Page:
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45 Everyday Words that Mean Something Different to WWII Navy Veterans

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For most folks, the abdomen is the part of the body between the chest and the pelvis. For a generation of men who took to the seas during World War II, though, abdomen is also a 5.3-mile long uninhabited chunk of rock sitting somewhere in the middle of Alaska’s Aleutian Island chain, a place called Samalga Island.

During the first and second world wars, the Allied armies, navies, and air forces used a vast array of simple common words as code words for various places, operations, conferences, equipment, tactics, and people in order to protect their communications from enemy eyes and ears. Generally, they tried to use words that had no obvious connection to what they were naming, so the code couldn’t easily be deduced. According to the Office of Naval History, “There was no reason why duckpin identified General Eisenhower, nor why zootsuit referred to Auk, New Britain, nor why opium was the transfer of a Marine regiment to Samoa. Someone picked these words out of a dictionary and someone in a higher echelon applied them to a particular person, place, or action.”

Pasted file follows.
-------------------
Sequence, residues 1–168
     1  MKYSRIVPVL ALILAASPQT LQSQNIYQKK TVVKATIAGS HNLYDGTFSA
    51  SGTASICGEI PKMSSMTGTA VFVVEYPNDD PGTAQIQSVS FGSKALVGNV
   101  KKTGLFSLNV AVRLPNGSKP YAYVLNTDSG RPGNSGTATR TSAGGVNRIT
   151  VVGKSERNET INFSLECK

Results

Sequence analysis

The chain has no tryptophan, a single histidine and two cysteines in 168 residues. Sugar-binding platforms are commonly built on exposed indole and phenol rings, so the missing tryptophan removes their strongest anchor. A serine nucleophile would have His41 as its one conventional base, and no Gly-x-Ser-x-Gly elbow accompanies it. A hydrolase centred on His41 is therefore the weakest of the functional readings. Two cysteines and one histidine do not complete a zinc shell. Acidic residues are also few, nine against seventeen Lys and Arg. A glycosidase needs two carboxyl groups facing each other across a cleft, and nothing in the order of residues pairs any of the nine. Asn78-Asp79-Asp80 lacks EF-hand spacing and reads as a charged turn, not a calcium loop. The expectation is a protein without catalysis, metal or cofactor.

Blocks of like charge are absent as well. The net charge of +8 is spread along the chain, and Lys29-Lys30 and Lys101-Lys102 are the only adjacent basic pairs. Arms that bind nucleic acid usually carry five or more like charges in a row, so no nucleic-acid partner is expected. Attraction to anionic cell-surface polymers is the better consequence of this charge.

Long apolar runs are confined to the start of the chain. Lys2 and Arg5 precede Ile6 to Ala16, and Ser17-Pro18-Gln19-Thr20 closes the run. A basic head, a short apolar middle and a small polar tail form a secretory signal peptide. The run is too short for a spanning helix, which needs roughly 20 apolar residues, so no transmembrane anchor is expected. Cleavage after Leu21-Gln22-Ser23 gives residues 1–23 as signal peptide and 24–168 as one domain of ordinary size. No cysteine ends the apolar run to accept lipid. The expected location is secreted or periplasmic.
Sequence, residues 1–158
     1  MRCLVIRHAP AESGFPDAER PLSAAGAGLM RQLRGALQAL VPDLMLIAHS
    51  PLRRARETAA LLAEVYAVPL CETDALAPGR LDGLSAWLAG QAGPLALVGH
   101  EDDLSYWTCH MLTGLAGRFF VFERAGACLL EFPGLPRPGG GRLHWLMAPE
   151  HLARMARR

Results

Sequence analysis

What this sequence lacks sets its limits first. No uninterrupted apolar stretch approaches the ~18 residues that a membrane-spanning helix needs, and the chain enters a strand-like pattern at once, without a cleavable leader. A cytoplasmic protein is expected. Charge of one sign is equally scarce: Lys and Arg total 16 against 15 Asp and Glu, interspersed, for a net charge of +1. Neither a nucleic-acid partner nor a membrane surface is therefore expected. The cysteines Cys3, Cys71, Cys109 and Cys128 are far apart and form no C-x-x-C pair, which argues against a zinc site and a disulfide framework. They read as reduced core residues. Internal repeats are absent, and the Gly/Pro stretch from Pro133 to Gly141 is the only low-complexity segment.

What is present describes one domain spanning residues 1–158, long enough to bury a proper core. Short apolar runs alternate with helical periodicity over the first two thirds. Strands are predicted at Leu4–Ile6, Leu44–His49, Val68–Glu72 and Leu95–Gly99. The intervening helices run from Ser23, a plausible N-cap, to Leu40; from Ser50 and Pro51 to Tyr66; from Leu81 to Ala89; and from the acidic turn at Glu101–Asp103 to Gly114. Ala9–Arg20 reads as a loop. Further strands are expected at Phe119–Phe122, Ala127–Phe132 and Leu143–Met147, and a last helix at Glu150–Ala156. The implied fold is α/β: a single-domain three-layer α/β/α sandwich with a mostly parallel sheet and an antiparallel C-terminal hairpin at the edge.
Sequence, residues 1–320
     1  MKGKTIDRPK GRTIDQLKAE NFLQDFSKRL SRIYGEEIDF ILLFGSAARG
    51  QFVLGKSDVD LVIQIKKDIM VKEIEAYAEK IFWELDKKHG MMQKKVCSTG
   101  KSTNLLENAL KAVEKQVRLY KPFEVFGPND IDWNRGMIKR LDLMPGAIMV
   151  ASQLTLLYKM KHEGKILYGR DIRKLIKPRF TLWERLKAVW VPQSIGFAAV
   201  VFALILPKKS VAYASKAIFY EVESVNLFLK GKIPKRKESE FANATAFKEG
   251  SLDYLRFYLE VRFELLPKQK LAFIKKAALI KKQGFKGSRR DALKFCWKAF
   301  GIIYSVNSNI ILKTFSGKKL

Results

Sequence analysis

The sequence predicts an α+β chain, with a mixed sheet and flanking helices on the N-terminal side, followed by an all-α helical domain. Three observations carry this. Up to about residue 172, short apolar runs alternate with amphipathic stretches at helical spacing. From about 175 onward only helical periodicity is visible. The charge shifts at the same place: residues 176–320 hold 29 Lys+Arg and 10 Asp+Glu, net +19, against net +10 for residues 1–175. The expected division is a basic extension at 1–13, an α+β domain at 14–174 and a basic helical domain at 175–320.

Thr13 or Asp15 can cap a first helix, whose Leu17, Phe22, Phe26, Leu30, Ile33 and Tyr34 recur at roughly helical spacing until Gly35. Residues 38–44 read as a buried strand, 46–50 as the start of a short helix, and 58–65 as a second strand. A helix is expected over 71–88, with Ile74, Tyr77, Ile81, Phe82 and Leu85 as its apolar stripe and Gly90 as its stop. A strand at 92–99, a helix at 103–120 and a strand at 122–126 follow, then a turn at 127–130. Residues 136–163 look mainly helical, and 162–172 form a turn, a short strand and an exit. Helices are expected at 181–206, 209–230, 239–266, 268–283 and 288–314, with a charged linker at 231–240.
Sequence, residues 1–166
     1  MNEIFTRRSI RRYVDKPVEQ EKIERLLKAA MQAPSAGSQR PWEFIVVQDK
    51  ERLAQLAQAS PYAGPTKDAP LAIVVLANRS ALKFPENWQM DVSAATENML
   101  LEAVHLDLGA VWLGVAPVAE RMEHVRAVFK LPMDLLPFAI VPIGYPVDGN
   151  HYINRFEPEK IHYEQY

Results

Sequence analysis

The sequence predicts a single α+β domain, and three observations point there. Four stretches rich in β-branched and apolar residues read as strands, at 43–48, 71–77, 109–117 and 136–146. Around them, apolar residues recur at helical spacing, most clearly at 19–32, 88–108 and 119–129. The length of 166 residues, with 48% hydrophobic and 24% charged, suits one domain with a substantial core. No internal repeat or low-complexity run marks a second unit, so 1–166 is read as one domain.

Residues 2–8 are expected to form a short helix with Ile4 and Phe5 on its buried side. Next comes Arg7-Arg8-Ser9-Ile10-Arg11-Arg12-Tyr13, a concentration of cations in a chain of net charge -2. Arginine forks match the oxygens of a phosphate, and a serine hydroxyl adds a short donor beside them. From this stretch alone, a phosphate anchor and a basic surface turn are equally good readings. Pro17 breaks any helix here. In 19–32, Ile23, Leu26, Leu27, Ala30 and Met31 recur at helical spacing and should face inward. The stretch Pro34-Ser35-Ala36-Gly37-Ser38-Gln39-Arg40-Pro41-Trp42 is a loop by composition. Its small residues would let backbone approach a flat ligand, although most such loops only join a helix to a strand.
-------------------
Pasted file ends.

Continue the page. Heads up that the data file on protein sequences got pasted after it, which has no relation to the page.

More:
This leaves a strange disconnect between the word and whatever thing it’s referring to and, I like to think, might have led to a few funny double takes among returning seamen getting used to hearing these words in a civilian context again. Here are some of our favorites from the U.S. naval code words list used during World War II, provided by the Office of Naval History and the Historian for Naval Administration. (Some of these words were recycled and meant different things at different points in the war; this list gives just the first meaning listed by the Navy).

1. Abnormal - Advance on Yeu, Burma

2. Absurd - Shinko, Formosa (what we now call Taiwan)

3. Abusive - Remote-controlled expendable pilotless aircraft used as guided missiles

4. Acidity - Gavutu Island, Solomon Islands

5. Amoeba - Goodenough Island, New Guinea

6. Aniseed - Planned amphibious raid on Lussinpiccolo (a town on the Adriatic coast, part of Italy during the war, now part of Croatia)

7. Anklet - Allied raid on the Lofoten Islands, Norway in 1941

8. Anvil - Allied operations in the Mediterranean targeting southern France in 1944

9. Archery - British raid on the Norwegian coast to destroy enemy shipping equipment and shore batteries in 1941